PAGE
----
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ASME Y14.5 1994

ASME Y14.5 1994

ASME Y14.5 1994

There is a slight discussion going on in another Forum, so I thought I would come here to clairify it.

Say you have a multiple feature (5X) that needs to be  dimensioned as a Basic Dimension (enclosed in a box), is it the standard to place the 5X inside or outside the Basic Dimmension box?

"Happy the Hare at morning for she is ignorant to the Hunter's waking thoughts."

RE: ASME Y14.5 1994

Inside - according to my "Drawing Requirements Manual - 5th Edition" based on ANSI Y14.5-1982.

Steve Smith
Product Engineer
Staco Energy Products Co.

RE: ASME Y14.5 1994

I have the 9th edition 1995 and it says the same thing, I was just checking to see if it was different for 1994.

Thanks for the quick response.

"Happy the Hare at morning for she is ignorant to the Hunter's waking thoughts."

RE: ASME Y14.5 1994

Does anyone know what happened to the True Positional Tolerancing matrix that used to be in Y14.5??

RE: ASME Y14.5 1994

Actually, either inside or outside is acceptable.  ASME Y14.5M-1994, paragraph 1.9.5 states the requirement as follows:

"1.9.5 Repetitive Features or Dimensions.  Repetitive features or dimensions may be specified by the use of an X in conjunction with a numeral to indicate the “number of places” required.  See Figs. 1-52 through 1-56.  Where used with a basic dimension, the X may be placed either inside or outside the basic dimension frame.  See Figs. 4-26 and 5-14."

Either way is acceptable, but I don't think both methods should be mixed on the same drawing for consistancy.


RE: ASME Y14.5 1994

Hi All,

My question pertains to the revisions made on drawings.

I understand that the revision letter must be updated every time a change is made on a drawing.  My first question is if the drawing contains multiple sheets does every sheet need to have its revision letter changed or does it change only on the sheet that the drawing change was made on??

Second question is about the revision block that has the area where you describe what changes have been made on the drawing.  Does every single change you made on a the revised drawing have to be described inside this revision block or is the revision letter change made on the drawing enough to signal the change??

Your response is greatly appreciated.

RE: ASME Y14.5 1994

First off, your drawing should only reflect 1 part, so regardless of how many pages the drawing has, if the part has changed, then each sheet should reflect the new revision level.  My personal opinion anyway, I have seen only one page rev'd, and I have seen all pages rev'd, prefering all pages to be rev'd.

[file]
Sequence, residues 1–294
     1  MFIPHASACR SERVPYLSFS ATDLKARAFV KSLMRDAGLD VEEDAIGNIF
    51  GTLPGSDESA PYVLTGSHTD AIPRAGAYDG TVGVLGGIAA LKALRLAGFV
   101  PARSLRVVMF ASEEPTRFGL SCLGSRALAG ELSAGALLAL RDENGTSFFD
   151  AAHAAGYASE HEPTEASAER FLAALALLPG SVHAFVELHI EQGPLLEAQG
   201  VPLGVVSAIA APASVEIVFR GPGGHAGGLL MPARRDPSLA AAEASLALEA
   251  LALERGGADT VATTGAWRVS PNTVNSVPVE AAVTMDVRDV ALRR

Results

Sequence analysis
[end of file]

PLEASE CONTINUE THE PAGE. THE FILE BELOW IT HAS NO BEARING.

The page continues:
As for the revision block in the corner of the drawing, each company is going to do something different.  Some companies require every change to be displayed, many times resulting in the first page of a drawing to be nothing but descriptions of revision changes. Other companies may only truncate the changes, and put the most drastic change in the block.

Some companies (like mine) don't put any information in the revision block, and reply on a well detailed Document Change Notices (DCN) to document the changes.  On the drawing, changed features or dimensions are flaged with the new revision level inside parenthesis.

According to the 9th edition of the DMR by Global Engineering Documents, section 23.5 Identifying Revisions on Drawings, you can do the following:
A) Describe the change in the Revison History block, with zone locators for clarity.
B) Reference the ADCN/DCN of the change in the Revision History Block.
C) Place a revision symbol in the field of the drawing
D) Any combination of A, B< or C above for ease of tracking.

The bottom line is to document any changes so there is no room for errors or different interpretations.

"The attempt and not the deed confounds us."

RE: ASME Y14.5 1994


What industry do you work in?  And do you have a contract with your customer as to the drawing requirements?

MadMango stated that you should only have one part per drawing, which isn't necessarily true.  When following the DOD-D-1000 and/or DOD-STD-100, you can have a mono-detial drawing, multi-detail drawing, inseperable assembly drawing,  or several others.  The drawing requirements for rev history also depends on it being a level 1, 2, or 3 drawing.

The DMR by Global Engineering is a great document to pick up if you are not required to follow any specific standard.  It basically combines all the requirements of several ANSI/ASME standards as well as their military counterparts and puts them in one easy to use, giant sized binder.  The problem is that the DMR doesn't reference each section to the specific ANSI standard and the DMR is not a recognized industrial standard.  So, if someone asks what standard you follow, you can't say the DMR from Global Engineering, you have to research the correct ANSI standard that is referenced in the DMR.

If you want a free copy of MIL-STD-100, go to

Below is a link to an old revision because it hasn't been stripped down yet.  Revision G of MIL-STD-100 removes the parts that duplicate industry standards.  Chapter 600 refers to revision history.  FYI: MIL-STD-100 has been canceled and superseded by the appropriate ASME standards.
The page is a little slow to load.  Be patient.

RE: ASME Y14.5 1994

Swertel, thanks for being more specific and providing a true standard as refernce.  Where I work, people think standards are hurdles not stepping stones.  For this reason I always state when I reference from the DMR since it isn't a true standard.

"The attempt and not the deed confounds us."

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